First, the good news: the USA U-17s got their first goals and first point of the 2015 World Cup. The team absorbed heavy pressure - as it had against Nigeria in its opening game - but made good use of its forays into the final third, taking a two-goal lead into half-time. And Tyler Adams, expected to make a step up to the New York Red Bulls' MLS squad from NYRB II next season, got his first start of the tournament. (The other Red Bull in the team, Matthew Olosunde, did not play.)
The bad news: Croatia was dominant; a 2-2 draw was the least the European side deserved from a game in which they enjoyed close to 60% of possession, and created almost five times as many scoring opportunities as their opponent (29 shots attempted to the USA's six). The Croats should have won this game, agonizingly hitting the frame of the goal twice on the cusp of full-time.
Still, if this tournament is about the experience more than the outcome - and it is - then the USA U-17s are getting an invaluable education. They can hope to see many of the players in this tournament again as this age group matures and a select few make it into their respective national teams. This generation of players isn't really going to be judged by its work at the 2015 U-17 World Cup, but a few will hope to be among those selected for the 2022 World Cup (or even 2018, though that seems a little soon for this age group).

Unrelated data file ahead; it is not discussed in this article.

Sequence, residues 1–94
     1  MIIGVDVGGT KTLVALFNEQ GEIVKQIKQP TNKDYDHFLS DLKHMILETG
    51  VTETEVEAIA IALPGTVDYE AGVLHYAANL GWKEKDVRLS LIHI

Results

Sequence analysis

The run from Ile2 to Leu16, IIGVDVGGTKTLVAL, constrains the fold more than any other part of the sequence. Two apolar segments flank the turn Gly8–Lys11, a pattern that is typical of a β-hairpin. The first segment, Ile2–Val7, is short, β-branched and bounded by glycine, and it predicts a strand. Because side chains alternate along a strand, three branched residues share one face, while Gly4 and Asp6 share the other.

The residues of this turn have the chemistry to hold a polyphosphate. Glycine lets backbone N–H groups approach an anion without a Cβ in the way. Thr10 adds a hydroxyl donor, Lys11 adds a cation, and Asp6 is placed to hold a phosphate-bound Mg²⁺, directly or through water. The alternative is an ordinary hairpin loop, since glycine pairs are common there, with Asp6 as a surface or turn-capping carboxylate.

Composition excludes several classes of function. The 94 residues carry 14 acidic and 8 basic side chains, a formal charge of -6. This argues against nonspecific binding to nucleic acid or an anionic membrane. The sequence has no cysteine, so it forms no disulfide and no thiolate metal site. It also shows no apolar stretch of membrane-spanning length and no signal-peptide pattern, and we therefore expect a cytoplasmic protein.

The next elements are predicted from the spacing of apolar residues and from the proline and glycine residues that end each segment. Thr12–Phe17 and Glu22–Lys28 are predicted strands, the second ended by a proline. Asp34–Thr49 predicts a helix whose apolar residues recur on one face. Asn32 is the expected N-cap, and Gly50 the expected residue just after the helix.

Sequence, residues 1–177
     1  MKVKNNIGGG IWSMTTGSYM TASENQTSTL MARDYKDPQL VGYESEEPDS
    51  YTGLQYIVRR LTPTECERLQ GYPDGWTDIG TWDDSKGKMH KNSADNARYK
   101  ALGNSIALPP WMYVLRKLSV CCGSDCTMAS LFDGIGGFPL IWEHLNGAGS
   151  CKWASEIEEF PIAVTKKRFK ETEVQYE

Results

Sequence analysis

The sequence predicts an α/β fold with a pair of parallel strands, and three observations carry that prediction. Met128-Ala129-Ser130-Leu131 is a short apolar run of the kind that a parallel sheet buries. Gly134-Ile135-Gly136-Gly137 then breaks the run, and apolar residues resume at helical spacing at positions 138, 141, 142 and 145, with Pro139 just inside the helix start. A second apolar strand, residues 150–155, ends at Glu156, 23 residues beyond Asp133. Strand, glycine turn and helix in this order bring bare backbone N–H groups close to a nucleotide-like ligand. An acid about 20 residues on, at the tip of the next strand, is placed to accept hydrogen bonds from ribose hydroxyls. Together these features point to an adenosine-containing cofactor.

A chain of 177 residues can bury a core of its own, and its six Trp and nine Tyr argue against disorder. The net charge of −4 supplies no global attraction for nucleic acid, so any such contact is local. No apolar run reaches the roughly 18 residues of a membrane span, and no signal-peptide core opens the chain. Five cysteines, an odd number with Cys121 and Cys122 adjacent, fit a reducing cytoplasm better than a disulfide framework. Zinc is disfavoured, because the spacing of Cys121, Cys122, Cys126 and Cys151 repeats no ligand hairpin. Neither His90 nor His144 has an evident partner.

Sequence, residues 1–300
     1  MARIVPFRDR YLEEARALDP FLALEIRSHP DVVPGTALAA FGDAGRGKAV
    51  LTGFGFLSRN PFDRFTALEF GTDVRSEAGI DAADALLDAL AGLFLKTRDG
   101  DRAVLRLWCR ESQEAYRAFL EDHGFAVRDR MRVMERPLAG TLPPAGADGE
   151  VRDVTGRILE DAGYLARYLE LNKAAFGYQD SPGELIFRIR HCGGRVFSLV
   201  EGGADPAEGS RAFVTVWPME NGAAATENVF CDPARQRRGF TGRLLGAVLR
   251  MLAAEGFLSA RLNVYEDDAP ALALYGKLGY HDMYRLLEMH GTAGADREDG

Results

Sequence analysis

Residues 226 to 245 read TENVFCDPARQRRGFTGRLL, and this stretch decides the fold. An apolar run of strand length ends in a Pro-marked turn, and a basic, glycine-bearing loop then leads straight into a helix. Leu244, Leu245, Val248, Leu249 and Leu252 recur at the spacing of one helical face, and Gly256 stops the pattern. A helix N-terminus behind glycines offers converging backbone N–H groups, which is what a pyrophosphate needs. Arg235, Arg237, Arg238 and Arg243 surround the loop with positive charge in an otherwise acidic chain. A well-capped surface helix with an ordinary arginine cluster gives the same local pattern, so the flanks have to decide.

Nor is the USA out of this tournament, and it still has a reasonable chance of advancing to the knockout rounds, if it can get three points in its next game. A win over Chile on October 23 would leave the Americans with four points. At minimum, that will be good enough for third place in the group. Only the top two are guaranteed to advance to the next round, but the four best third-placed teams from the six groups will also advance - and four points seems likely to be good enough to make that cut.